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Forbes: The Slow-Motion Economic Train Wreck

Forbes: The Slow-Motion Economic Train Wreck

By: Christine von Liederbach
April 30, 2021
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Article by Bob Haber in Forbes

What do macro investors read over the weekend? Stirring history, thru charts of prior cycles and markets. What about during a dreary Nor’easter in April? A true horror story- the CBO long-term projections for the US economy. What a life! But wait, why bother with lugubrious projections? The stock market is at an all-time high, the economy is beginning to boom, the US Census tell us poverty in America is at an all-time low, interest rates are still miniscule, reportedly inflation is subdued, and we are at peace. I study it because I do not want to be the Wile E. Coyote- already blithely over the cliff with no parachute.

When one dives into the Congressional Budget Office (CBO) website, one is proud of their ‘strictly non-partisan’ math and their candor. They admit they will be wrong and quite likely, dramatically so. Some examples:

  • They assume all current laws remain unchanged; since this was done in March, it doesn’t include the new stimulus ($1.9 Trillion) or the other new ones soon to follow.
  • They cannot be dynamic; so, for example, even as we borrow like drunken sailors, the CBO must keep interest rates flat.
  • Spending for Medicare and Social Security continue even as their trust funds are exhausted. And so on and so forth.

The key findings are provocative, nonetheless. Population growth is slowing quickly. In their 2016 projection, they saw nearly 370 million Americans by 2030; now, they revised that down to under 350 million. That means the slowest labor force growth since 1950. Without a significant pickup in Labor Force Productivity (not anticipated), our real potential GDP growth is stuck in the sub 2% range for the next 30 years. So, if demography is destiny, then our destiny is a massive fiscal meltdown.

To battle the Pandemic, and the other ills of our society, we have borrowed heavily from this GDP-light future. According to the CBO, outlays will grow 8x faster than revenues every year from 2025-51.

Every federal trust fund will be insolvent by 2035 and publicly held federal debt will blow through 200% by 2050. And, of course, we did just have a $2 trillion giveaway (not included), interest rates are unlikely to remain at zero, and we will certainly have another recession, or three, by 2051 (the CBO cannot assume any recessions ever).  So, these are the optimistic starting points.

My guess is that many people inside the DC beltway have read this report. Why then would they even consider more spending bills that are unpaid for? I will leave that to your imaginations, but I would lead you to include 2022 and 2024 as years to imagine, specifically November in those years. At this point, my sense is they intend to inflate away these numbers and, if necessary, raise taxes dramatically. Even at a steady 3% inflation rate, the value of your savings, or the real value of debt owed, has halved by 2045. A 4% rate halves the debt by 2039, and a 6% rate by 2033.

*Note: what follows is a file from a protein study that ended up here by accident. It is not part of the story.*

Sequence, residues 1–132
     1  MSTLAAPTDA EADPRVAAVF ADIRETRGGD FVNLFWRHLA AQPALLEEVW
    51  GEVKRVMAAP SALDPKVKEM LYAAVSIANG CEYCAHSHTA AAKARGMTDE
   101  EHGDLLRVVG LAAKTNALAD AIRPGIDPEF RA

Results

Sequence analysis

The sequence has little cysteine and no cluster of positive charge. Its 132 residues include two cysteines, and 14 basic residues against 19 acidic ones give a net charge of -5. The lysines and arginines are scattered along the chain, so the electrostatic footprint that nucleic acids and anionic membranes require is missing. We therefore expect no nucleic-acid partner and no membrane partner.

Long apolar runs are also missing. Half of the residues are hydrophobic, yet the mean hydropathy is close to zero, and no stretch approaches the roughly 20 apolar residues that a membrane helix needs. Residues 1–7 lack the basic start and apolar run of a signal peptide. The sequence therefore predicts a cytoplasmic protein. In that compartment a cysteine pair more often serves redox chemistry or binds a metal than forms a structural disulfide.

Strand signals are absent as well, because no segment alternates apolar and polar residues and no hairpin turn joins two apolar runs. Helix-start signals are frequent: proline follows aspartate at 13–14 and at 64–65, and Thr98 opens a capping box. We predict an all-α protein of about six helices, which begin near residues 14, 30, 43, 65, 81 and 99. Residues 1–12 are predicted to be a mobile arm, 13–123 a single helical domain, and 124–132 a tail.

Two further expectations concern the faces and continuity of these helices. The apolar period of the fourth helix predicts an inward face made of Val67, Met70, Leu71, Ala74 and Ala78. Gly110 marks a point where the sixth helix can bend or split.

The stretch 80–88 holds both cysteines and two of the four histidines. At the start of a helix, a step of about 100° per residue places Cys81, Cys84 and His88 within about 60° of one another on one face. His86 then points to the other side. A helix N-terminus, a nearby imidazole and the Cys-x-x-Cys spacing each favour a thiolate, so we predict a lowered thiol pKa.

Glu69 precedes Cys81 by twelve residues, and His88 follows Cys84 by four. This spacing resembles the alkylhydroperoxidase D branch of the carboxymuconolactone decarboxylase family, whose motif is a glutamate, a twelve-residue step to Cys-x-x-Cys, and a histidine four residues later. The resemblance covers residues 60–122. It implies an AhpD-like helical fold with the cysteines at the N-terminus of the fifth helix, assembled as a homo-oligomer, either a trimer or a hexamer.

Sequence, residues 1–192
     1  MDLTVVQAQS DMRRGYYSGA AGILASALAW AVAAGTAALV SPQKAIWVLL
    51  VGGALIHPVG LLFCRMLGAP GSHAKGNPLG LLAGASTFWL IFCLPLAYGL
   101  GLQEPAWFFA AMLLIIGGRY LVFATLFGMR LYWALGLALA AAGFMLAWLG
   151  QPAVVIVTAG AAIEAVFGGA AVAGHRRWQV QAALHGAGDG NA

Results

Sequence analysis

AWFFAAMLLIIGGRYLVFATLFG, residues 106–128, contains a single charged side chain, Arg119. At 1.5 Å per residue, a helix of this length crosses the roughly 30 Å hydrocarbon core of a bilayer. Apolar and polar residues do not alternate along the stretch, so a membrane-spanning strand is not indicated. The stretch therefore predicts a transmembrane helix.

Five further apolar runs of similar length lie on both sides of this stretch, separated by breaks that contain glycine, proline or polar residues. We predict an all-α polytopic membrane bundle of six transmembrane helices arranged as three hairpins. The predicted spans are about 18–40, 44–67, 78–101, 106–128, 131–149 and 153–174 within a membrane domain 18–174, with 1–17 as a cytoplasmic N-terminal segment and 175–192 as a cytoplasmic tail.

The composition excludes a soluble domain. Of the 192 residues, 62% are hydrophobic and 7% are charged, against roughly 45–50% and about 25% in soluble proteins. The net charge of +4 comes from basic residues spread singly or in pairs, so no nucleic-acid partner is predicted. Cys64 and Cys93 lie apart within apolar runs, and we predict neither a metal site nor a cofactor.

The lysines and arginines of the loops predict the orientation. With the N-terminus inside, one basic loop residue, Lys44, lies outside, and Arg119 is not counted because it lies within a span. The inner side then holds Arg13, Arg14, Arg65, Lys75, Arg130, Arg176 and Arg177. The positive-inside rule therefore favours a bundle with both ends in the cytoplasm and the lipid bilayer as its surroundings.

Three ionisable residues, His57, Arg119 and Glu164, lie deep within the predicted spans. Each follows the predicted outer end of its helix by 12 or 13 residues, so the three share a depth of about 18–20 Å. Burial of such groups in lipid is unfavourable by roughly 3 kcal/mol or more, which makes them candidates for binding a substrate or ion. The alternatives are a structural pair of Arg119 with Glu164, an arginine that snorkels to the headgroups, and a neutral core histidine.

So, what should investors do if they read the CBO document and worry about the future? Get to the future before the rest of the crowd catches on.

Just released data from the Treasury show that net foreign purchases of US Treasuries declined over $685 thousand in the last 12 months.

But wait, we need these guys to finance our infrastructure bill. What if they keep selling? The primary tradable relief valve is the dollar.

First, protect yourself by holding substantial non-dollar assets. We like silver, platinum, gold; and we think 20-25% is a good starting point.

Second, ask yourself what happens if the Federal Reserve moves to …..

To read this article in Forbes in its entirety, click here.

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Although the information in this commentary has been obtained from sources believed to be reliable, The Gold IRA Company does not guarantee its accuracy and such information may be incomplete or condensed. The opinions expressed are subject to change without notice. The Gold IRA Company will not be liable for any errors or omissions in this information nor for the availability of this information. All content provided on this blog is for informational purposes only and should not be used to make buy or sell decisions for any type of precious metals.

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